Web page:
A recent post by Mike Fast got me thinking a bit more about color. For most, thoughts about color generally become a secondary interest. But I am here to tell you they should be a primary concern in your statistical presentations. This is especially true when analyzing the strike zone.
Before you begin reading this, please read Mike's excellent post over at Baseball Prospectus. Then, go ahead and read this article at Praiseball Bospectus (linked not because of its title--I am very glad Dave Allen was born--but because it really does highlight some issues with things you'll find around the net).
Okay, now that you have read that, here are my additional comments. First, heat maps should be approached with caution. This is true whether or not you are smoothing or simply breaking up the zone into smaller areas. Mike covers this well, but I will take it a little further with smoothing.
When you use a smoothing technique, you really need to understand what it is doing. I'm not going to fully describe loess techniques (or smoothing splines, or kernel density functions, etc.). There are plenty of resources online. Often times the degree of smoothing is up to the researcher. However, it is almost always the case in baseball analysis that we want to compare one smoothed representation or heat map to another one. This is where things get tricky. You'll need to make sure you are not oversmoothing (too wiggly) or undersmoothing (not wiggly enough).
Sample size is of course the first issue. If you are going to present BABIP by pitch location for a single batter or pitcher, you are likely going to need to regress the data a lot. Pitch data are extremely noisy. Secondly, you really need to account for the fact that the batter CHOSE to swing at those pitches. The pitches that a batter swings at is a distribution nested within all pitches thrown. Then, the pitches that are contacted with are yet another subset of this distribution. Sometimes, this is no big deal. Other times, it is an extremely big deal.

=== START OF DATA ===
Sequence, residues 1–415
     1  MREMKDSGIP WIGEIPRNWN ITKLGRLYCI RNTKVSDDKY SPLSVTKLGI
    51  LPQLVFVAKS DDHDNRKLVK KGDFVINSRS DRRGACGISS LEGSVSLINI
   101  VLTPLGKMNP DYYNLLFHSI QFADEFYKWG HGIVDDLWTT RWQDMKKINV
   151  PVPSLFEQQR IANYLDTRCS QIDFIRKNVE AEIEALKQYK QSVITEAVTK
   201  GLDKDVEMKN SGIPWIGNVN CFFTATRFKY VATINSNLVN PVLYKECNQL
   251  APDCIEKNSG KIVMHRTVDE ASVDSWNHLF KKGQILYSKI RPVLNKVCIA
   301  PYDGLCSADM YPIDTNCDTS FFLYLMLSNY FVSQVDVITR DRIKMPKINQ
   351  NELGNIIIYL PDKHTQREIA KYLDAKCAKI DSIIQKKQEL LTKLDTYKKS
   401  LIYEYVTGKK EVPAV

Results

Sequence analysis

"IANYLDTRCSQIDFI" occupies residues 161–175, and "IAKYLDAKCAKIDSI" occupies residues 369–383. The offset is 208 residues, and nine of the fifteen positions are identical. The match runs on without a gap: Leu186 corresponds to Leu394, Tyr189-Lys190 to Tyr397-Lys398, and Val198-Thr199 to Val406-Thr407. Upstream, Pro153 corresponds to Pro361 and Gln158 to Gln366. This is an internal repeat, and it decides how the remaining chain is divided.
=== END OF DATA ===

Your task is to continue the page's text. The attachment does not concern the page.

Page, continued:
Let's ignore the second issue above and focus first on sample size and comparisons. Next, let's restrict ourselves to evaluating the likelihood of a hit on contacted pitches. Let's say one batter has made contact with about 1600 pitches, while another has made contact with about 250 pitches in our sample. Let's just ignore the 'regression to the mean' issue here as well. You know what, let's make it the same batter in both cases, with the second being a random sample of the first bunch. If we use exactly the same smoothing parameters for each (with no restriction for the distribution being binomial, which technically it should be--more thoughts on this issue here) we will get the following (extremely rough, and somewhat ugly--keep in mind I am not regressing here, just showing what happens with the different sample sizes) comparison below:
Because I have not restricted the data to be between 0 and 1, just assume the white splotches are where the probability of a hit on a ball in play is 0% (i.e. white==really really cold zone--I will leave aside the VERY IMPORTANT issue of ensuring the same color scaling on the sidebar for another post!). You can see above that, even though we're looking at the same player, the maps are very different. There are likely many problems here, as we would not expect pitches low and down the middle (remember, this is all within the strike zone) to be almost a 0% chance of a hit. Why? Well, the player above is Albert Pujols. Plus, when we look at the full data on balls in play, we see that the probability is closer to what we would expect (though, according to this data, still a cold zone).
You can also see that one plot shows a hot zone on the outer half, while the subset shows hot zones up and in as well as at the bottom of the zone. This is a result of having very little data in these areas, and it is ultimately overweighted with the given smoothing parameter. If Pujols gets one hit out of two pitches at the knees, it reports his BABIP to be .500 if we do not smooth enough or weight it along with other player data. Of course, we wouldn't expect him to have a .500 BABIP in the future on these pitches. Throw him 1000 pitches there to swing at, and he is really not likely to get 500 hits.